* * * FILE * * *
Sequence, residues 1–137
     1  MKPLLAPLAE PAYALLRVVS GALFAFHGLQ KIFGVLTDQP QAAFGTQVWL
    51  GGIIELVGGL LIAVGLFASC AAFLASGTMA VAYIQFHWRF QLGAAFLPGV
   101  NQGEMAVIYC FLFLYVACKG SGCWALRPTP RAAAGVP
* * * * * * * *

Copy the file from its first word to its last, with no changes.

Sequence, residues 1–137
     1  MKPLLAPLAE PAYALLRVVS GALFAFHGLQ KIFGVLTDQP QAAFGTQVWL
    51  GGIIELVGGL LIAVGLFASC AAFLASGTMA VAYIQFHWRF QLGAAFLPGV
   101  NQGEMAVIYC FLFLYVACKG SGCWALRPTP RAAAGVP